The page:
Chinese ambassador visits Story County farm, drives tractor, amid heightened U.S., China tensions
Following a path first traveled by Chinese President Xi Jinping a decade ago, Chinese Ambassador Qin Gang visited an Iowa farm Friday to talk about U.S. agriculture and emphasize the need for good relations between the two nations.
The visit came amid heightened tensions between the U.S. and China over Russia's invasion of Ukraine. China has not criticized the invasion and has maintained normal economic relations with Russia even as other countries have imposed sanctions.
But there was scant discussion of Ukraine on Qin's visit to the Kimberley family farm, near Maxwell in Story County, as part of a three-state agriculture-focused tour through the Midwest. Qin called his visit to Iowa inspiring and emphasized the need to build a strong relationship between China and the U.S.
"I have had the opportunity to talk to American farmers," Qin said. "American farmers are warm, sincere … They not only talk about 'my farm, my family.' You have a worry for people."
As heavy rain fell outside, the ambassador sat in the Kimberleys' living room, learning about the six generations of the family who have farmed the land since 1866, when their ancestors emigrated from England. Qin asked how farmers manage the multitude of risks they take on.
"I'll just say it's not easy," Rick Kimberley said. "You just have to be able to adapt."
Qin reached forward to grab a handful of soybeans displayed on the coffee table, carefully observing them before letting them fall back in the glass vase. China is the largest soy consumer in the world and the No. 1 importer of U.S. soy. Iowa farmers rank second nationally in soybean production, producing 621 million bushels in 2021.
Qin later got a taste of what Iowa farms produce, sampling beef and deviled eggs — though Kimberley referred to them as stuffed eggs as he served the ambassador while wearing a "King of the Grill" apron.
The Kimberley farm is just one of Qin's Iowa stops. Wednesday, the ambassador visited "old friends" in Muscatine, and on Thursday he attended a luncheon at the Harry Stine Center in Des Moines.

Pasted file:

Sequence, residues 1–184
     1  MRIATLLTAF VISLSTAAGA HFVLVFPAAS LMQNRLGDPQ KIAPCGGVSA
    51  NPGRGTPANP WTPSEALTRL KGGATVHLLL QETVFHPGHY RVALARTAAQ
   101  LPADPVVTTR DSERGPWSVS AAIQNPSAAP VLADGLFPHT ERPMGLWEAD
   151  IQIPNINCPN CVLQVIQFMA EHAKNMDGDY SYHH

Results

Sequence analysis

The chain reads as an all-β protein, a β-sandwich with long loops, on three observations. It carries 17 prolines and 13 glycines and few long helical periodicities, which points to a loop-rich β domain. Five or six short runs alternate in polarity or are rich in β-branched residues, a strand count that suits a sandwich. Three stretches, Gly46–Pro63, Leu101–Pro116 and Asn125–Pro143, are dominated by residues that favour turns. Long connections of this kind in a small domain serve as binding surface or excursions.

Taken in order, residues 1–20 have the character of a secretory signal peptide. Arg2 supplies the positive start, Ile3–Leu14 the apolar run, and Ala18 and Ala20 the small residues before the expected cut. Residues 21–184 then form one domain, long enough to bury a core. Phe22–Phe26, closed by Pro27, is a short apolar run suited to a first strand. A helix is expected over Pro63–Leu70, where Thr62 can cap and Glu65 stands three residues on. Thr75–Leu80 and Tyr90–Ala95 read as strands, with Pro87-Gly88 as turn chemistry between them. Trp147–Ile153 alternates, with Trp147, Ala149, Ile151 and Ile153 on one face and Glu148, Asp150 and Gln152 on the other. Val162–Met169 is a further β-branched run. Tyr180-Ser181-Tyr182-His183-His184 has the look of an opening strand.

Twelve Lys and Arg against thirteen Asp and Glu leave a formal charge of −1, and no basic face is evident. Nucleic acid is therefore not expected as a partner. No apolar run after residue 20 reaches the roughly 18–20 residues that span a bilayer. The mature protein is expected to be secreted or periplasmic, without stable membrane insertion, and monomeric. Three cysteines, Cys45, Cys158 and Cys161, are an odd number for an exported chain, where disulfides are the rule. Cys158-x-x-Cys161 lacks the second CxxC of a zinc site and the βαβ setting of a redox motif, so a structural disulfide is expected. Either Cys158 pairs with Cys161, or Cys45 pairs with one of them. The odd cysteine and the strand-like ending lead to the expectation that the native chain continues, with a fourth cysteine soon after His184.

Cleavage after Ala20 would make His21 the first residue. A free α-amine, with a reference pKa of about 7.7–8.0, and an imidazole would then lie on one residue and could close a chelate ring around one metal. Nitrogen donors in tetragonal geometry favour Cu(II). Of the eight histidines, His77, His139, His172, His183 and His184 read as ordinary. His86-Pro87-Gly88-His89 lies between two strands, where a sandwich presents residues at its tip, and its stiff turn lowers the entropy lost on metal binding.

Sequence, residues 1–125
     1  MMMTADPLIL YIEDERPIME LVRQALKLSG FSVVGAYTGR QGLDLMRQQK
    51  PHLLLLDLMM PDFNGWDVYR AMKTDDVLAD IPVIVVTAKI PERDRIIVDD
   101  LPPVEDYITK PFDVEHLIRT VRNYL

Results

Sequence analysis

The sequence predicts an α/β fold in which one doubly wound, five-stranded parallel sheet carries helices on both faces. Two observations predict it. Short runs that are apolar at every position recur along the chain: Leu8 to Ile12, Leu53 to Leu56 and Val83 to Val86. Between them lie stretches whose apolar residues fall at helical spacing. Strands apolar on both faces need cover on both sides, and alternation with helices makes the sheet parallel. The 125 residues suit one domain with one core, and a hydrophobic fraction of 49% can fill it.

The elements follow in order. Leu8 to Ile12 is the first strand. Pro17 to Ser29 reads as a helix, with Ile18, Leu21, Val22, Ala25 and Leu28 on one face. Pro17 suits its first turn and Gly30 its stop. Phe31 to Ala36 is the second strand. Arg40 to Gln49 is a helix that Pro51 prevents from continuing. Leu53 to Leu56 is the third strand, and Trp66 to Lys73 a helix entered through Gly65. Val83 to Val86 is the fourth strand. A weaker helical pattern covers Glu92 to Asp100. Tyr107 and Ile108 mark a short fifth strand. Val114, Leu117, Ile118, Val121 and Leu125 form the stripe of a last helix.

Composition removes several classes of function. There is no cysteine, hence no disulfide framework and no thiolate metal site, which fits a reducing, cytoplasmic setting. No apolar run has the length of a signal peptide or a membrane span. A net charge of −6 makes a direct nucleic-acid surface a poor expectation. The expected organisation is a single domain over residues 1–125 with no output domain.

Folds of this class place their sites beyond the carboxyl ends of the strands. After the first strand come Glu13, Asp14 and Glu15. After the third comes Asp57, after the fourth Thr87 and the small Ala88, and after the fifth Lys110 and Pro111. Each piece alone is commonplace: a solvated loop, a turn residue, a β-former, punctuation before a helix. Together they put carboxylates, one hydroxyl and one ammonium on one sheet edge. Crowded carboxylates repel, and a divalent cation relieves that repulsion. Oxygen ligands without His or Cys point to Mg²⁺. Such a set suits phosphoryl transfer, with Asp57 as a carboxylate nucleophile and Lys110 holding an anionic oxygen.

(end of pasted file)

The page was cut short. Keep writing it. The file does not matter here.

Qin's visit continues a series of ties between Iowans and Chinese dignitaries. In 1985, when Xi was a relatively minor official, he visited Iowa while leading an agricultural delegation from Hebei Province, Iowa’s sister state. He stayed two nights in a private home in Muscatine, and the Iowans he met then have since been referred to as "old friends" of Xi.
Rick Kimberley and his wife, Martha, have made several trips to China to speak on trade and agriculture. They also traveled to Hebei Province to demonstrate modern U.S. farming techniques.
When Xi visited Iowa again in 2012, then as vice president and in line to become president, the Kimberleys welcomed him for a visit to their farm. Chinese tourists regularly stop by the farm to walk in the footsteps of their president.
Another prominent Iowa-China tie: One of the people that Xi met with in 1985 and again in 2012 was Gov. Terry Branstad. Branstad was later appointed by President Donald Trump to serve as ambassador to China from 2017 to 2020.
Once the rain lightened, Qin paid homage to President's Xi's visit to the Kimberley farm by driving the same tractor Xi sat in during the 2012 visit. The Kimberleys have kept the tractor despite upgrading to newer tractors with updated technology.
"I am happy to a be a one-day farmer," Qin said.
The Kimberleys' son, Grant, joked that they will have Qin on a combine come harvest season. Grant Kimberley, Iowa Soybean Association market development director and executive director of the Iowa Biodiesel Board, has gone on 20 trade missions to China.
Iowa has a history of its farmers making connections with world leaders. More than 60 years ago, Roswell Garst welcomed Soviet leader Nikita Kruschev to his Coon Rapids farm.
Though China has purchased record amounts of U.S. agricultural products in recent years, tensions between the countries have risen over human rights in Hong Kong, the COVID-19 pandemic and now the Russian's invasion of Ukraine.
At the Kimberley farm, Qin mentioned the impact of the Ukraine crisis on global agriculture. Ukraine and Russia are major wheat exporters, and Russia is the world's leading exporter of fertilizer. Rick Kimberley said he feels for Ukrainian farmers and the people of Ukraine and said the impact of the conflict will be felt worldwide.
Tensions could send Beijing looking to other countries when purchasing farm goods, according to Bloomberg News. China purchased 57% of the U.S. goods and services in 2020 and 2021 that it had committed to buy in a 2020 trade agreement, according to the Peterson Institute for International Economics.
Qin said Friday he wishes to see trade remain stable between China and the U.S. and emphasized cooperation between the two countries.
Gifts were exchanged as a symbol of friendship Friday, a scarf and a souvenir from Beijing for the Kimberleys, and a model John Deere tractor, a journal and corn and soybeans for the ambassador and his wife.
"If our two countries come together, the rest of the world will come together," Rick Kimberley said.
"Farmers have to come together first," Qin said.
Danielle Gehr is a politics and government reporter for the Ames Tribune. She can be reached by email at firstname.lastname@example.org, phone at (515) 663-6925 or on Twitter at @Dani_Gehr.